experience requires digital governments to achieve a higher level of sophistication at every level and in every aspect of their operation—and to apply that standard consistently across thousands of citizen touch points. The especially tough part for governments is that most of the time they’re not introducing totally new offers to citizens – but having to adapt existing ones with legacy infrastructures, that are not only complex in their delivery but absolutely massive too; take Universal Credit as just one UK example.
Government data is frequently kept in silos across a multitude of government departments and even within different parts of the same department, meaning that it can’t be compared or combined for analysis. So-called ‘data virtualisation’ technologies can now be used by leaving the original data in place but then creating a virtual version of it, a real-time reflection of the stored version. This can be combined with other virtualised data and made available to high-speed applications without the time, cost and inevitable errors of physically moving data from its original home. Big data and the deep learning algorithms of AI can now be applied to this data – and all the data, without the problems of sampling errors – to provide precise and predictive analytics with breathtaking benefits for government and citizens alike.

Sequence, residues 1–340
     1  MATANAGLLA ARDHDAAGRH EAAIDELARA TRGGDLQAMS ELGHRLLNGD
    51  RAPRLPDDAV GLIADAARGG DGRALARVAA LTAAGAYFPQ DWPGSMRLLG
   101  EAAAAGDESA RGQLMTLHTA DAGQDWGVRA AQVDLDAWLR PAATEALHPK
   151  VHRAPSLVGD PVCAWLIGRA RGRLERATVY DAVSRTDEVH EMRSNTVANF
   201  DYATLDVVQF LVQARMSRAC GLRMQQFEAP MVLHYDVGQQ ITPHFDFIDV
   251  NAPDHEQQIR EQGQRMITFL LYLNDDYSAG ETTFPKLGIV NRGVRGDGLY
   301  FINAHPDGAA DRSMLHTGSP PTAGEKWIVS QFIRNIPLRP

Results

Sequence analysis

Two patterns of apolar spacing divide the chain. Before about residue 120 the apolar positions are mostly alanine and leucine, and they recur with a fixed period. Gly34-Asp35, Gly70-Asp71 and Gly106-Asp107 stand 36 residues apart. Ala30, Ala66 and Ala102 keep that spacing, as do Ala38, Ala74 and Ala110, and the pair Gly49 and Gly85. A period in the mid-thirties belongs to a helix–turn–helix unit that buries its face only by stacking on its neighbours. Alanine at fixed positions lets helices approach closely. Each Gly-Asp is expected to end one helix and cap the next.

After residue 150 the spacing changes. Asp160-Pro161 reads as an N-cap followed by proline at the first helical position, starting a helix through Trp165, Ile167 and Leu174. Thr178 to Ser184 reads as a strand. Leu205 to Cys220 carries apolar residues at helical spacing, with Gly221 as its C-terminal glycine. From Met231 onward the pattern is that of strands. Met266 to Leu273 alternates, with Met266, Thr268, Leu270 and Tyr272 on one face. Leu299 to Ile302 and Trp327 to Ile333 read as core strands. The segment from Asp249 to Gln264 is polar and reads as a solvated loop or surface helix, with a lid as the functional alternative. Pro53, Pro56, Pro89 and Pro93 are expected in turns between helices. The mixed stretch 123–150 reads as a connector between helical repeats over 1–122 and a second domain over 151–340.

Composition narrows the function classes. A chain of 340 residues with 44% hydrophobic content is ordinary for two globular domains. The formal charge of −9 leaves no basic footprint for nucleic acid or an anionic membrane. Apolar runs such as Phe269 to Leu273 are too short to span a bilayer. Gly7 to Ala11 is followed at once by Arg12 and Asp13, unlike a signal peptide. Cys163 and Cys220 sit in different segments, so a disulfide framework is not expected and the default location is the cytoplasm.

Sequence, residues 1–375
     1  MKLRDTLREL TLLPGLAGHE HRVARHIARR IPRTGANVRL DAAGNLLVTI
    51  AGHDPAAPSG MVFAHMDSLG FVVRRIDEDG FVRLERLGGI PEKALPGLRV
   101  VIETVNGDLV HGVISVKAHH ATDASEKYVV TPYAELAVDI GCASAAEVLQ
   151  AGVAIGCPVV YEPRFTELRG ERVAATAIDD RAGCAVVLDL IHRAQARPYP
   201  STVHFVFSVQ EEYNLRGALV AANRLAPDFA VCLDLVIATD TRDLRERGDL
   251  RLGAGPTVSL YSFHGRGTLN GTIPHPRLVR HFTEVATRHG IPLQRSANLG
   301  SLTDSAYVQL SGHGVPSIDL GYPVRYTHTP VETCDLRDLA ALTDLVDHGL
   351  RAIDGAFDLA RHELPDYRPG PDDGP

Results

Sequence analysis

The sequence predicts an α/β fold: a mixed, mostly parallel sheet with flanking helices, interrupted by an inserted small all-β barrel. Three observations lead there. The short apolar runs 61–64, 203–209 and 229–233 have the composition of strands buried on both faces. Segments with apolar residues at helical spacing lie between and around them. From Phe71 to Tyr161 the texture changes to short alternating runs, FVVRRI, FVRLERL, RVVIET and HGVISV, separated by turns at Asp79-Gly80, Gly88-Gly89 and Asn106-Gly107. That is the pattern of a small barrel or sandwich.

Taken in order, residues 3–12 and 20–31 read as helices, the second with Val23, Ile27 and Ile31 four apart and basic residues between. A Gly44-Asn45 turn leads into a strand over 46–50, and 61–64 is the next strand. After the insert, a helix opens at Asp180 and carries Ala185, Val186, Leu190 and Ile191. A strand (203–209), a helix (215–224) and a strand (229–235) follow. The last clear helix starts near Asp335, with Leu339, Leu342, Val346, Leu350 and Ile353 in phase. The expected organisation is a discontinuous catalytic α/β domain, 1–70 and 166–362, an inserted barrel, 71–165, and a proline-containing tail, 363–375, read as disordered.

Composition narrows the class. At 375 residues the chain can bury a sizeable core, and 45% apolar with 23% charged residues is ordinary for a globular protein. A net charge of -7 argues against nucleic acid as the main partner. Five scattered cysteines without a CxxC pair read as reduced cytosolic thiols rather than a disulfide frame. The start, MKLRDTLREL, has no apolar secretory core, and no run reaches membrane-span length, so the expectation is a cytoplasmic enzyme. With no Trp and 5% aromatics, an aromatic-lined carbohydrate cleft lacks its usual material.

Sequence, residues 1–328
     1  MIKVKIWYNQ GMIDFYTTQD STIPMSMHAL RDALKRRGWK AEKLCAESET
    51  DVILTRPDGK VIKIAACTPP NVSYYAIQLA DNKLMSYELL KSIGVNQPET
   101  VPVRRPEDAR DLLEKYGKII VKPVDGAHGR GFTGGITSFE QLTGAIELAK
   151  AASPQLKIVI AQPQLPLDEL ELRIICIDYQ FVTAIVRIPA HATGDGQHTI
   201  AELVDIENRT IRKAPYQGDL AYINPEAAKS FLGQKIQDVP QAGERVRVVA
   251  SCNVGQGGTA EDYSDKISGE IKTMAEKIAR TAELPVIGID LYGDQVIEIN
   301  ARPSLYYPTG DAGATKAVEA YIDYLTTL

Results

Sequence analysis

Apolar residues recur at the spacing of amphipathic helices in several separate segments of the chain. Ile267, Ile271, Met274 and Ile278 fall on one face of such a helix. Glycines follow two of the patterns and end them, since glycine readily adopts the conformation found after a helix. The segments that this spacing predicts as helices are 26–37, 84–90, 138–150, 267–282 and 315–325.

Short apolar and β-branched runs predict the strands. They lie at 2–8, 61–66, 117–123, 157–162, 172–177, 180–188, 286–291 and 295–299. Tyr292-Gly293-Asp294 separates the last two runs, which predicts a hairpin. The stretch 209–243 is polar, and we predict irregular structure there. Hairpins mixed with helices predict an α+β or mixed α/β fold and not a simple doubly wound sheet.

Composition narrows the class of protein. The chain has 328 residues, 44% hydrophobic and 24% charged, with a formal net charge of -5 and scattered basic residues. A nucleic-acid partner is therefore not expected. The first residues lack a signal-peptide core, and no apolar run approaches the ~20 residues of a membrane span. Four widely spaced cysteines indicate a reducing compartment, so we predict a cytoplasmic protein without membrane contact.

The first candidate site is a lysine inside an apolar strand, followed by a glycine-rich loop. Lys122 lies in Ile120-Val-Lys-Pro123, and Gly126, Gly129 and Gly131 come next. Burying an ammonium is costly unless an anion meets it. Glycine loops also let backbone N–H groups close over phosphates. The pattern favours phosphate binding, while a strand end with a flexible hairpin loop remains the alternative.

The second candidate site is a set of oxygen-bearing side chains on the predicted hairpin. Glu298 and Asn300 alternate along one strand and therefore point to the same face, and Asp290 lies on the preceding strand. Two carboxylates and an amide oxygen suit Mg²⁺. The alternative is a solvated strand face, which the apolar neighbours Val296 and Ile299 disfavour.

In 2018/19, London achieved top-spot in the Eden Strategy Institute’s Top 50 smart cities of the world largely ‘due to its inclusive approach’ to transformation, narrowly pipping Singapore and Seoul in 2nd and 3rd places. Sensors, cameras, household appliances and
vehicles are among the maze of things now being connected to the Internet. Digital devices will tie together and connect businesses, governments and individuals in an immutable ‘web’ which will change the way governments engage with citizens and deliver outcomes. Smart parking systems, which help drivers more quickly locate available spots—provide an example of connected devices supporting an outcome-focused approach in the public realm. Also, connected and intelligent cameras and sensors can help improve public safety outcomes by providing the police with real-time situational data, such as knife and gunshot detection and alerts of suspicious behaviours.
Now, simplified, autonomous processes exist that provide real-time data about everything from traffic monitoring to weather patterns to business activity. Data collection and analytics continue to improve various aspects of government, with widespread acknowledgement of the necessity of establishing concrete rules for how data will be used. In both the US and UK, from housing and transportation issues to possible causes of high disease rates in particular geographic areas, government departments are now starting to consolidate enormous quantities of data and use sophisticated analytics to learn more about everything.
So the digital revolution we’re all witnessing is not just manifest in our experiences of Google and Facebook, it’s clear most governments around the world are also well on their way to re-engineering themselves on the digital bandwagon. But how many are really transforming themselves to face this extraordinary new era of not only constant technology change but ever faster change? The secret sauce to successful transformation perhaps lies in Accenture’s statement that ‘for an organisation to digitally transform it must put organisational, operational and technological foundations in place that foster constant evolution and cross-functional collaboration’. Any major technical infrastructure change in government today that fails to build in constant evolution is likely to end up delivering transformation rhetoric rather than genuine transformation!